Adult Waved Carpet moths have pale whitish-grey coloured wings with wavy brown patterning (3). A darker dusky-brown form also occurs in Kent and Sussex (1). The caterpillar is purplish-brown in colour becoming greenish towards the sides (4).
A very local species in the UK, the Waved Carpet is found in five main locations: Devon, Cornwall and Dorset, the borders of Hampshire Sussex and Surrey, Kent and East Sussex, and Monmouthshire and Gloucestershire. It is also occasionally reported from Wales and Cumbria. It is believed to be in decline in many parts of its European range (2).
The Waved Carpet is a priority species under the UK Biodiversity Action Plan (UK BAP). The plan aims to enhance the size of all known populations by the year 2010. Coppice for Butterflies, an initiative of the Forestry Commission has focused on five areas where the Waved Carpet occurs. A number of the current populations occur within nature reserves and Sites of Special Scientific Interest (SSSIs) (2).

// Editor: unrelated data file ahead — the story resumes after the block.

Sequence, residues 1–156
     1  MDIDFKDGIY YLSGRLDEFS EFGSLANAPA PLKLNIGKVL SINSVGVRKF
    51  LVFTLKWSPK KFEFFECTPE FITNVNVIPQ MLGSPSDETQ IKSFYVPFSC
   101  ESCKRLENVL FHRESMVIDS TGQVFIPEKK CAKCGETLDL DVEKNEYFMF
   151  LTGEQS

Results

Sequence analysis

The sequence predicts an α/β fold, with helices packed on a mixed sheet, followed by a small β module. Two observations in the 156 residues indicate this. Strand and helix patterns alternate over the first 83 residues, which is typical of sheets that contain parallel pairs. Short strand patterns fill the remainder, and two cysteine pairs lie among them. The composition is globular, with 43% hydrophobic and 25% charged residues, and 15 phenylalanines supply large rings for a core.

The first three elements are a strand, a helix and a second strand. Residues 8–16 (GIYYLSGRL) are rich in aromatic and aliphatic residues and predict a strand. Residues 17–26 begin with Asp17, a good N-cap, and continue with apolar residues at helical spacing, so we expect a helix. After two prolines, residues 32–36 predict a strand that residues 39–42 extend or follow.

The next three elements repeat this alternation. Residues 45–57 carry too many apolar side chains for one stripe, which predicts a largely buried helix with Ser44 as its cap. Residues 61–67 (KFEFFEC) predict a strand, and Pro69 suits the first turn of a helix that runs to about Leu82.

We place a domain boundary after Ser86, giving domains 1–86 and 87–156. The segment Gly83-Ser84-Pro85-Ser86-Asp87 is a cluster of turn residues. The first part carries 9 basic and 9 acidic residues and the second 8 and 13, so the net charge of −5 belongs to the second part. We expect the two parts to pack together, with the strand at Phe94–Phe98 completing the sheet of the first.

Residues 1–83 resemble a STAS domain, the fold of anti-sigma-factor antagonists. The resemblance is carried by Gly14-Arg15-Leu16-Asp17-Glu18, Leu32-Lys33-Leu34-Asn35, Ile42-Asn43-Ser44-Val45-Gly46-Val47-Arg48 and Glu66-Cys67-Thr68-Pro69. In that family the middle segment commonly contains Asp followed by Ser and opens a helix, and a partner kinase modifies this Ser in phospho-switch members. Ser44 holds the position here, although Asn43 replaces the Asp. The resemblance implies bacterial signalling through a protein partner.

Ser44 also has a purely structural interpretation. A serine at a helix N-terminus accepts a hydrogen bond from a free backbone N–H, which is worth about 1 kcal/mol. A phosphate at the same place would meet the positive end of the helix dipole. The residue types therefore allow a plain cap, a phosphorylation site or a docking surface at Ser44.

Coppicing is a traditional form of woodland management in which trees are cut close to the base of the trunk. Re-growth occurs in the form of many thin poles. Coppiced woodlands are cut in this way on rotation, producing a mosaic of different stages of re-growth.
Stage in an insect's development when huge changes occur, which reorganise the larval form into the adult form. In butterflies the pupa is also called a chrysalis.
(also known as 'univoltine'). Insect life cycle that takes 12 months to be complete, and involves a single generation. The egg, larva, pupa or adult over winters as a dormant stage.
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